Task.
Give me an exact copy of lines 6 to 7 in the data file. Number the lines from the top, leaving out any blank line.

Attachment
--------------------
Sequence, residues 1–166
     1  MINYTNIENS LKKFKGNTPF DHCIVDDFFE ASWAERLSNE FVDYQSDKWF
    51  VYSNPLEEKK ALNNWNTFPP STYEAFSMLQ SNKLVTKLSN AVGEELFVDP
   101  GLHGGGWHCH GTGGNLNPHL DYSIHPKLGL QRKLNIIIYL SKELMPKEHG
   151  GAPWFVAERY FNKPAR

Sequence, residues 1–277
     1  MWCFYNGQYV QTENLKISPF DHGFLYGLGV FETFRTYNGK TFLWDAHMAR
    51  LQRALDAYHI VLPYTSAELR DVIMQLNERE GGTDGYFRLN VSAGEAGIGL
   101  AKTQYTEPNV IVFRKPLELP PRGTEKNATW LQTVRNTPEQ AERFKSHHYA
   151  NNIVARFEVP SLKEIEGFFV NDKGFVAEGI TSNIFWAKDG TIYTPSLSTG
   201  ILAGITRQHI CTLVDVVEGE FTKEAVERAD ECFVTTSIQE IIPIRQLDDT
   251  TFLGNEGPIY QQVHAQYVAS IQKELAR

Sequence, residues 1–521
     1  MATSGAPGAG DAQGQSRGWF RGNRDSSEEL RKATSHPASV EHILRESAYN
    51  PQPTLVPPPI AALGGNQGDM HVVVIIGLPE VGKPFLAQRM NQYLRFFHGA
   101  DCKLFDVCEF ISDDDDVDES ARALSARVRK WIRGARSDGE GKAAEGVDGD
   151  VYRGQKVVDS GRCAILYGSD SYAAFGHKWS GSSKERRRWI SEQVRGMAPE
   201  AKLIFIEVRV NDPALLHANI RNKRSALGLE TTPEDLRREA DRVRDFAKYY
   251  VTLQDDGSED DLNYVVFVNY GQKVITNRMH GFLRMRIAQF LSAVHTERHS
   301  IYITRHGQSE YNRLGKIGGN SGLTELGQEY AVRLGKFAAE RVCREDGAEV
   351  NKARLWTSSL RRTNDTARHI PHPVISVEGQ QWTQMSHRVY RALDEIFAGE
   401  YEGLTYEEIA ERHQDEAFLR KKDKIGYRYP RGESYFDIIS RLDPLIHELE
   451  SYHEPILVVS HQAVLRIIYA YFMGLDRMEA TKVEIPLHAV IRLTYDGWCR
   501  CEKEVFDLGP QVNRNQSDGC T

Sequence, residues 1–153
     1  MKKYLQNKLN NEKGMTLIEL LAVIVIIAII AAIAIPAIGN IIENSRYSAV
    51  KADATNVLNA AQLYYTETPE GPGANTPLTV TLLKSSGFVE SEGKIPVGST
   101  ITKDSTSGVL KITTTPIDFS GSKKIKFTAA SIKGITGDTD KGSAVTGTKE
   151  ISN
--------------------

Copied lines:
Sequence, residues 1–277
     1  MWCFYNGQYV QTENLKISPF DHGFLYGLGV FETFRTYNGK TFLWDAHMAR